Urban Planning Today: Perception vs. Reality
When the planning profession was still nascent in the 1950’s, well defined social needs and the desire to improve poor living conditions were the dominant basis for policy and regulation. By the time the 1970’s and 80’s came around the emphasis shifted towards increasingly pluralistic and open ended outcomes.
This thinking emerged from a number of prominent planning theorists that asserted that the act of planning itself was inherently political and so there could be no ideal social condition that could properly define an ideal intervention to a generalized need. This gave rise to the predominance of advocacy planning, which quite like lawyers taking different sides on issues, works by allowing the strongest planning voice representing a particular attitude, approach and response to a perceived or real problem to prevail.
Since the 1990’s “planning advocacy” has matured and become even more democratized through active public participation and involvement. Today, both planning advocacy and public participation form the backbone of most planning efforts.
Increasingly, computer simulations and models provide the third leg of this platform on which contemporary planning is done. There are of course many nuances to this highly simplified narrative of how we plan, but we know contemporary planning is tedious, certainly in terms of time and money spent. Often, the lowest common denominator or sub-optimal outcomes are all we can collectively agree on.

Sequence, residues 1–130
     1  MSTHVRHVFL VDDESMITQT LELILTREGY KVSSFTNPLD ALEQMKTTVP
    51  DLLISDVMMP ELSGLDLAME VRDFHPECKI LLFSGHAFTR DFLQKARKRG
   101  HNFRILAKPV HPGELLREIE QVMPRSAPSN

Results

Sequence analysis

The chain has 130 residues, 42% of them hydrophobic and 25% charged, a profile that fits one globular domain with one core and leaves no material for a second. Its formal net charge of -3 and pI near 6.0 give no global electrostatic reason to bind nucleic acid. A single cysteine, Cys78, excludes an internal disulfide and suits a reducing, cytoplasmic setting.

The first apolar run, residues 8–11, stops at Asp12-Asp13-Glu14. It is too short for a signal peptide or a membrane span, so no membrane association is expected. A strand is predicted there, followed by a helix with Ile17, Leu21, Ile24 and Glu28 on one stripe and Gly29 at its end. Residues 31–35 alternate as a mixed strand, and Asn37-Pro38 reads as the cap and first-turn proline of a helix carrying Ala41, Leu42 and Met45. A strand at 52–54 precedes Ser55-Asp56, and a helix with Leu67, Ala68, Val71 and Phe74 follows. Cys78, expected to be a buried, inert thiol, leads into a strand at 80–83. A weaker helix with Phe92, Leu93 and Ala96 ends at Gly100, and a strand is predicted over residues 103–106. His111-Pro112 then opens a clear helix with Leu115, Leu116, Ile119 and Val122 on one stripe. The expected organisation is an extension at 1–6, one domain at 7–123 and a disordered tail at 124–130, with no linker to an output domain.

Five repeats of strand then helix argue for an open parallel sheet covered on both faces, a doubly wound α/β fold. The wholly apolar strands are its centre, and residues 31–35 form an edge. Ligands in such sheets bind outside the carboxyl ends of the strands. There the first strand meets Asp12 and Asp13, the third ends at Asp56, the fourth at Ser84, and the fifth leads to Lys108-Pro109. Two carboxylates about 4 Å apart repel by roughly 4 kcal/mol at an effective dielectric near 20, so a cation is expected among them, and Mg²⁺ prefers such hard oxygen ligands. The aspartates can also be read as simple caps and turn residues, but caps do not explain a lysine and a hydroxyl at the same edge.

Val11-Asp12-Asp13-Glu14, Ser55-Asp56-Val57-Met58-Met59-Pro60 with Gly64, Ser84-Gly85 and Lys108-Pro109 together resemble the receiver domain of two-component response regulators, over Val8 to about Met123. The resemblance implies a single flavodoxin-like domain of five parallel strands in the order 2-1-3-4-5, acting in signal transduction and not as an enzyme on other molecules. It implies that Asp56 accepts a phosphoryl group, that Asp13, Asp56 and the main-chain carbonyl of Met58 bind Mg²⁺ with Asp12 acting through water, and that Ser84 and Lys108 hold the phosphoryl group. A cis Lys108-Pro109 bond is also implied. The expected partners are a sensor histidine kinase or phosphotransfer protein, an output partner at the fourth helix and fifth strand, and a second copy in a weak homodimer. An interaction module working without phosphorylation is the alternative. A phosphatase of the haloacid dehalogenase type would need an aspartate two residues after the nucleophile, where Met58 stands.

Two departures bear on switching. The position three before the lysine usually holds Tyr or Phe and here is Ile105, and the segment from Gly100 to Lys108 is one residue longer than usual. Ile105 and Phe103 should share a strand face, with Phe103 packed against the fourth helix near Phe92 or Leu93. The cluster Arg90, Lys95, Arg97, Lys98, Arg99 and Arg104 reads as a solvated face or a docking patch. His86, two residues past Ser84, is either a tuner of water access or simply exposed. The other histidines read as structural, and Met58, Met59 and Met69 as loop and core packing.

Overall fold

This tedium is complicated by the predominant disposition that more development somehow translates to more social benefit (i.e. increases in real estate investment and value will assure better schools, open space and other public amenities). Unfortunately this trickle-down approach doesn’t work with every development issue or location as neatly as might be hoped for.
In our fast paced world our big expectations and high hopes demand ever faster fulfillment. So it’s evident we need better planning delivery mechanisms. Rather than completely reinvent the way we do things, I believe smarter use of technologies and tools already at our disposal can help us do so.
The Changed Nature of Data and Information